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The recent instances of credit card companies raising interest rates without apparent reason and then offering cardholders a tiny window within which to repay at the old rate are a perfect example of why disclosure is a flawed paradigm for consumer protection.
For more than 50 years, we have assumed if consumers were made aware of their loan terms (however onerous and convoluted), they could make informed decisions. Disclosure was a way of saying: Caveat emptor.
But disclosure alone is inadequate, especially in cases where responsible cardholders unexpectedly have their rates raised significantly—going, for example, from 11% to 24% annually. We erroneously assume consumers read, understand, and act on the explanation of credit card terms they receive. Many consumers, even those who read what they receive, do not fully understand the disclosures, which are often in small print or legalese. In addition, what drives consumer decision-making is not always rational choice: Mood, emotion, and fiscal reality influence choice. That is precisely why we have federally mandated cooling-off periods for door to door sales.
We must look beyond disclosure for consumer protection. If the subprime lending crisis teaches us anything, it is that disclosure is simply not enough. We need to look to increased regulation to protect consumers, most particularly those who are vulnerable.
The recently introduced Credit Cardholders’ Bill of Rights (H.R. 5244) provides a good starting point, but we can do more. Many consumers cannot navigate the consumer financial marketplace; they cannot substitute one card for another on short notice and repay outstanding balances in one fell swoop (even over several months).
What we need is clear prohibitions that curb certain credit card lending practices, such as unjustified significant rate increases. We also need to make sure there are strong remedies for breaches—including subjecting credit card companies to monetary penalties, loan cancellation, and private causes of action (including class actions), establishing greater protection of states’ rights.
Disclosure is but one facet of an approach that must include legislation with real teeth. Only then will the term “consumer protection” have real meaning.
The burdensome, patronizing, new credit card regulations proposed in the wildly misnamed “Credit Cardholders Bill of Rights” will hurt just about every type of U.S. consumer.
Indeed, the new restrictions that self-styled “consumer advocates” and their trial lawyer allies envision will result in immediate, sizeable interest rate and fee increases for the majority of Americans who pay their credit card bills on time. Quite simply, efforts to cap, reduce, and ban penalty fees and interest-rate hikes for bad customers will axiomatically lead profit-minded companies to seek returns elsewhere. Many will hike the annual fees and interest rates for everyone else. New ways to litigate likewise will create another lawyers’ payday while doing nothing to help ordinary Americans.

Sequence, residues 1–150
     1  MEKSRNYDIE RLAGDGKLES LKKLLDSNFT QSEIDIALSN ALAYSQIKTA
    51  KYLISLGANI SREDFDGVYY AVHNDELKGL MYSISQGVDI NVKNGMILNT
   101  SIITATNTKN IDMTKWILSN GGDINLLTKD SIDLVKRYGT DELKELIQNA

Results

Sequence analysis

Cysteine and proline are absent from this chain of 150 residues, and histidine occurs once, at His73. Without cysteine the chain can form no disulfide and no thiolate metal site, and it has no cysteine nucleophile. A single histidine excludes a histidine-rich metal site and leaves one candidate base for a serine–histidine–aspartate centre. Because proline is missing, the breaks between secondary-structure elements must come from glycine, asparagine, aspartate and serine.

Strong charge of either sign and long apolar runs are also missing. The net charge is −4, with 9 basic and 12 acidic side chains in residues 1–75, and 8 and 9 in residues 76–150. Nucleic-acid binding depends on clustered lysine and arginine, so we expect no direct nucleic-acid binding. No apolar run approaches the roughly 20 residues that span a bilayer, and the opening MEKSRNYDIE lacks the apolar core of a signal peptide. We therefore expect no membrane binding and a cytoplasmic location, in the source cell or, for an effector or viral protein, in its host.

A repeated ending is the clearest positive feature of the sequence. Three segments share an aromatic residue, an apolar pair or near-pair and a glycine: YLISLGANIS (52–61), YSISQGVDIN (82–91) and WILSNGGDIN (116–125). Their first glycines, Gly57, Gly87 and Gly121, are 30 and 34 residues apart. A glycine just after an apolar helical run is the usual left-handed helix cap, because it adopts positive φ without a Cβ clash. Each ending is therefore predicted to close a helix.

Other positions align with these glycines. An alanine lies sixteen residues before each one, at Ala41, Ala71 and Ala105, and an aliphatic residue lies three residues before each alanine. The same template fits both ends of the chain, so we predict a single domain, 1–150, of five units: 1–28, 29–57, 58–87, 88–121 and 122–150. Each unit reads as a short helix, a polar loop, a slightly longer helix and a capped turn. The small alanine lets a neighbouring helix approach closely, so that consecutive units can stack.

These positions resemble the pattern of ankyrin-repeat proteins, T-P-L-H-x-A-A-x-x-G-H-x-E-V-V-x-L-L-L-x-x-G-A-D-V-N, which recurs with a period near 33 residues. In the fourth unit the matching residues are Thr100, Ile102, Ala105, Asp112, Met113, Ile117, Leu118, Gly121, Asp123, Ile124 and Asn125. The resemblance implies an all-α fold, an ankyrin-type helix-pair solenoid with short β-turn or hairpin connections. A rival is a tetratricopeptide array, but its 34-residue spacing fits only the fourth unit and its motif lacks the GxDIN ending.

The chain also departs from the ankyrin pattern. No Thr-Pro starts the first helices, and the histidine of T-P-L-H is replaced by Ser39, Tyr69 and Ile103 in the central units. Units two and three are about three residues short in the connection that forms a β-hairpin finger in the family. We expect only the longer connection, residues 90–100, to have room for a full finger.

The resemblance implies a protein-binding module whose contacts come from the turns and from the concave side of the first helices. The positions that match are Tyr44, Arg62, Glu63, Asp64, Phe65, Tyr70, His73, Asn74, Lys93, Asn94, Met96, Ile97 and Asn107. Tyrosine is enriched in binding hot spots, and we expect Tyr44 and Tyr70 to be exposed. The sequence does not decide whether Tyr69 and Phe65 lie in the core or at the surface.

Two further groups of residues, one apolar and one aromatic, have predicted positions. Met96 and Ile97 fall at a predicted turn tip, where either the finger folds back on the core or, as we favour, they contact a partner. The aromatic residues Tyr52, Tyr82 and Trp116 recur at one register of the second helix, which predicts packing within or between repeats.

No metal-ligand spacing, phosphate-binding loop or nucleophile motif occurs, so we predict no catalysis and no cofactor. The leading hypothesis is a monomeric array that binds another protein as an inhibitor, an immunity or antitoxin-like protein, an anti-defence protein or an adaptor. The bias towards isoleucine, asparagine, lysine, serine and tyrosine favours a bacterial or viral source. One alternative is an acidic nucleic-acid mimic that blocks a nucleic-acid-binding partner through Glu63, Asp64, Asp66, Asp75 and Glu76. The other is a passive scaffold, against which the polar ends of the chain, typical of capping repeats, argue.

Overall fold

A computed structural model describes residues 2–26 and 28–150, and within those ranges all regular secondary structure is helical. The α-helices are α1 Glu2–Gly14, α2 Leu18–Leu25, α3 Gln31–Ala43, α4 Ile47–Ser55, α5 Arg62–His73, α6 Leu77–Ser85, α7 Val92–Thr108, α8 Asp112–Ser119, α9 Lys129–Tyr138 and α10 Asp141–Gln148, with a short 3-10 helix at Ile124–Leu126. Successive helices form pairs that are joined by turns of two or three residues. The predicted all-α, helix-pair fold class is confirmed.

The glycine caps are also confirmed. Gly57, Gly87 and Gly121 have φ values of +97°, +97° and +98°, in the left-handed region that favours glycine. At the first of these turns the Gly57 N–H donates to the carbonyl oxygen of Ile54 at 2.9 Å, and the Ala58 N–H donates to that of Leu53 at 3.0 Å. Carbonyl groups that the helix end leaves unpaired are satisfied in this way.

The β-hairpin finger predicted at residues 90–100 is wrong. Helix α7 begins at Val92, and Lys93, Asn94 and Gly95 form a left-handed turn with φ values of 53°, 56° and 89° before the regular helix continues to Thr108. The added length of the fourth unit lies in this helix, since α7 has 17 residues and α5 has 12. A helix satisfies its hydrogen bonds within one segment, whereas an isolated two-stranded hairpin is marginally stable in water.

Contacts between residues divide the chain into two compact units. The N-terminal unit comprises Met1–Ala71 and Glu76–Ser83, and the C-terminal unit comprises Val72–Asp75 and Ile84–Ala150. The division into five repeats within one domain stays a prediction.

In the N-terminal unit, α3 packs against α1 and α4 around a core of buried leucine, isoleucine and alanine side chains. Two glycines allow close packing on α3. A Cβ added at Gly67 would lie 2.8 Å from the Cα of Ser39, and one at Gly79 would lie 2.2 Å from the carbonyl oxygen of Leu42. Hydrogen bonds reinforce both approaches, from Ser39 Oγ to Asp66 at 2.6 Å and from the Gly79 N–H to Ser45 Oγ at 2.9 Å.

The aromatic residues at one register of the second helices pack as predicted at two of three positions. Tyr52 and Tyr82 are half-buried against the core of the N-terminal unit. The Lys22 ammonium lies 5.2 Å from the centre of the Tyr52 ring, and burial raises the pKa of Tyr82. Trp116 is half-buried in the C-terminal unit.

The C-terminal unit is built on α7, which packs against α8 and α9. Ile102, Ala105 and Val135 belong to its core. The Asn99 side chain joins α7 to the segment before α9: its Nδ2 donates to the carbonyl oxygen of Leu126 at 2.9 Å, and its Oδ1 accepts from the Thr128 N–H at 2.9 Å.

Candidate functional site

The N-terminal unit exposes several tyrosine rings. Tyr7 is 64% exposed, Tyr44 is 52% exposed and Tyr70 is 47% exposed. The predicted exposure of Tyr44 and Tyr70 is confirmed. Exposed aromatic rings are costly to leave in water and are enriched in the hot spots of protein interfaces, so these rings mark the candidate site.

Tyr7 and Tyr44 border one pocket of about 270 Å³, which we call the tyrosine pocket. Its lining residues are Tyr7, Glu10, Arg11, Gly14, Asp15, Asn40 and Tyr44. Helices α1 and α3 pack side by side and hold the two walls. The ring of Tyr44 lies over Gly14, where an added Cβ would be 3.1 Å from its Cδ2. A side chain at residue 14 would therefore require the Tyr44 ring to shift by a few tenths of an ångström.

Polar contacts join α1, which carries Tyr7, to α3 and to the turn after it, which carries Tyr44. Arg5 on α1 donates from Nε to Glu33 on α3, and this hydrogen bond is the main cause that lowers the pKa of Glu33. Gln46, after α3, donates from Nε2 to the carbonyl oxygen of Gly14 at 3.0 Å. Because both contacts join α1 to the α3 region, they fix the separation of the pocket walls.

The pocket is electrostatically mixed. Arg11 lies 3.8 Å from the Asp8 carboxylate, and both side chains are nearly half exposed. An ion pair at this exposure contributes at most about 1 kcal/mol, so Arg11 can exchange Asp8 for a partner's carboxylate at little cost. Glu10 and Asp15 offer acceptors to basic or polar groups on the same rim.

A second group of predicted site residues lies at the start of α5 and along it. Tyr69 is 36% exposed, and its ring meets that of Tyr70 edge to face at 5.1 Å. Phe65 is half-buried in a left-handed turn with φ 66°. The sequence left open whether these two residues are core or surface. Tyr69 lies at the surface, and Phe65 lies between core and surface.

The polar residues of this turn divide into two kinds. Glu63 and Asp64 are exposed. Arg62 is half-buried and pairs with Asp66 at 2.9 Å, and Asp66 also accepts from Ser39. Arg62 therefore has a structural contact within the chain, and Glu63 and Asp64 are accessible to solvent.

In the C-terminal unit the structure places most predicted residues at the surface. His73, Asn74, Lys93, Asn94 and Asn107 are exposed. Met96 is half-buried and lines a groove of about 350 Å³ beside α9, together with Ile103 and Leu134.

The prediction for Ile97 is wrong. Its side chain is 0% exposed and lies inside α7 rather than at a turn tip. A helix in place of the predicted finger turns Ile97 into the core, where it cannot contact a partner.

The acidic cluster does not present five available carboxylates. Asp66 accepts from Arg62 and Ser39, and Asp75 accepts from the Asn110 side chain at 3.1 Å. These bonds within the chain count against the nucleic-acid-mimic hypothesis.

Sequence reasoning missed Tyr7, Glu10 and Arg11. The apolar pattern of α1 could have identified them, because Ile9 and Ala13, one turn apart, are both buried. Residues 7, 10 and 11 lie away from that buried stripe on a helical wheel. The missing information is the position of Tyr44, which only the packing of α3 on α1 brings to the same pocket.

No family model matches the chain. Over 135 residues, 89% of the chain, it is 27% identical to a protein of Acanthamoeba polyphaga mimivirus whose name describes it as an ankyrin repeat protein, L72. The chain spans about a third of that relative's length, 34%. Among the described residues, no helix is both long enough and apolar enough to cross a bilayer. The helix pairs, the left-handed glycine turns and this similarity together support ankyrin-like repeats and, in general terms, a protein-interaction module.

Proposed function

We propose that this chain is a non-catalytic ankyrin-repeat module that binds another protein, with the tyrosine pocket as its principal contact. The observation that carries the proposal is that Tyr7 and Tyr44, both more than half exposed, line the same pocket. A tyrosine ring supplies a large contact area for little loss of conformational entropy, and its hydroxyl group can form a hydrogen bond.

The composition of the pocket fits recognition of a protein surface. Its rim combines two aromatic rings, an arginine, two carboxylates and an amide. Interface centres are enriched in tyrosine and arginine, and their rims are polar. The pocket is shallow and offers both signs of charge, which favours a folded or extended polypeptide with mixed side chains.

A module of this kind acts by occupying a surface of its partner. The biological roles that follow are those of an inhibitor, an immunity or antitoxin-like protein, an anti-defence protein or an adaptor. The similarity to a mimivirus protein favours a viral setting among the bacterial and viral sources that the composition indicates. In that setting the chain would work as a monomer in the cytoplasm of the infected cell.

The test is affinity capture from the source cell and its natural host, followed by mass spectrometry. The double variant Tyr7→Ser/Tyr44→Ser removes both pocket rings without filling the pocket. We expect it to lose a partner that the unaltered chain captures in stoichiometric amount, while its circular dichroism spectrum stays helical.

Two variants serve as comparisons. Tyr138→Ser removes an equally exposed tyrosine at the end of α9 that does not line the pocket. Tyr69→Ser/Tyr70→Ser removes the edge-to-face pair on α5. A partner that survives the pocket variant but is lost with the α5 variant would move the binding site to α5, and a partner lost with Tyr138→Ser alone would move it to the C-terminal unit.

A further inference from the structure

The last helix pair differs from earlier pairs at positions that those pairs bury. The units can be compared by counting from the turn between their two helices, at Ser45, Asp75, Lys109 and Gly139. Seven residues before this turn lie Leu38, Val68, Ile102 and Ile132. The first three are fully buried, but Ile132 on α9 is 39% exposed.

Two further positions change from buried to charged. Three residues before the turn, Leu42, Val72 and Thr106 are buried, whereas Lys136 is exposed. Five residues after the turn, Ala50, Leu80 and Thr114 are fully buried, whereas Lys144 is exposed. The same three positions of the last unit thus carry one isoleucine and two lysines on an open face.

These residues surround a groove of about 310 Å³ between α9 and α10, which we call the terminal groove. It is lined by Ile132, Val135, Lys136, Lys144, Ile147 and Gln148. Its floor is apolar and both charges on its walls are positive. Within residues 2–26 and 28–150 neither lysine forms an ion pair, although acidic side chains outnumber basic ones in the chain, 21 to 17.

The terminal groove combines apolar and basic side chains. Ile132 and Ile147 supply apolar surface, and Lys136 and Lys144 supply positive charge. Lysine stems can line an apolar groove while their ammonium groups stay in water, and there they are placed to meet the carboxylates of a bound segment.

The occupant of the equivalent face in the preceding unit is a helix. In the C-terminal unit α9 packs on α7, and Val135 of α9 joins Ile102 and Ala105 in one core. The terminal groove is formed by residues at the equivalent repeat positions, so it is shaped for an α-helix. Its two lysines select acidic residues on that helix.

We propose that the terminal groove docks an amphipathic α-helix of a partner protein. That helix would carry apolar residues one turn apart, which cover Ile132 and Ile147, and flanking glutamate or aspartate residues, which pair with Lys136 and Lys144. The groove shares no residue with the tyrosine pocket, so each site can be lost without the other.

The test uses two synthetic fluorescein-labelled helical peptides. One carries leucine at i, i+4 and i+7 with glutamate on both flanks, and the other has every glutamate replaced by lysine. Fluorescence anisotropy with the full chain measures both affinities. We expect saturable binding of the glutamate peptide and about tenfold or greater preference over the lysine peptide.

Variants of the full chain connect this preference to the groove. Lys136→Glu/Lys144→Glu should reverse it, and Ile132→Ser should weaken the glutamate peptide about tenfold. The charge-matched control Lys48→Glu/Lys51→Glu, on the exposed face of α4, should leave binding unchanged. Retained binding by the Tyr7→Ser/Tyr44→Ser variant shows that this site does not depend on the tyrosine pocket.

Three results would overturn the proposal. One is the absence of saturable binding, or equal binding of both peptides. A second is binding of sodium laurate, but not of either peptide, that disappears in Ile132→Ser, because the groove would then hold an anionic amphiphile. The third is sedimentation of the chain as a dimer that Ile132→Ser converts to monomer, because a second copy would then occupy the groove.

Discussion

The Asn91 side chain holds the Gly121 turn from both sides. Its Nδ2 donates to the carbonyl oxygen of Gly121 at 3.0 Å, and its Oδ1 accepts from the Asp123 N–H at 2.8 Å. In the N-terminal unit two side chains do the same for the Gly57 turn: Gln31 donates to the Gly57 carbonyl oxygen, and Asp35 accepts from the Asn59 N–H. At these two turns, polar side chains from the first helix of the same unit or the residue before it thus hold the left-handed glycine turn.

Those who live on limited incomes or fail to pay their bills on time—the supposed beneficiaries of the proposals—will also see themselves hurt. Many will be denied credit that bureaucrats decide they “can’t afford.” More will find they only qualify for the “secured credit cards”—which require a bank deposit against the credit line—that predominated in the dark days before deregulation helped banks figure out ways to extend credit to everyone.
In fact, the current credit card regulatory system serves consumers pretty well. Although hardly anybody reads through the dense fine-print agreements that come with credit cards, the mandatory easy-to-read disclosures of interest rates, penalties, and fees already give consumers a simple repository of information. The widespread availability of balance transfers—an option on nearly all non-merchant-branded consumer credit cards—helps consumers “repay outstanding balances in one fell swoop” and transfer money away from card issuers whose policies they don’t like.
Of course, the situation isn’t copacetic. Credit card agreements remain difficult to navigate, and many consumers find card issuers unfriendly. A drastic simplification of current regulations could eliminate a lot of the difficult fine print. Decreased regulation of credit card issuers, likewise, could let them find more creative ways to serve consumers’ needs. In short, we need less regulation, not more.Opinions and conclusions expressed in the BusinessWeek.com Debate Room do not necessarily reflect the views of BusinessWeek, BusinessWeek.com, or The McGraw-Hill Companies.
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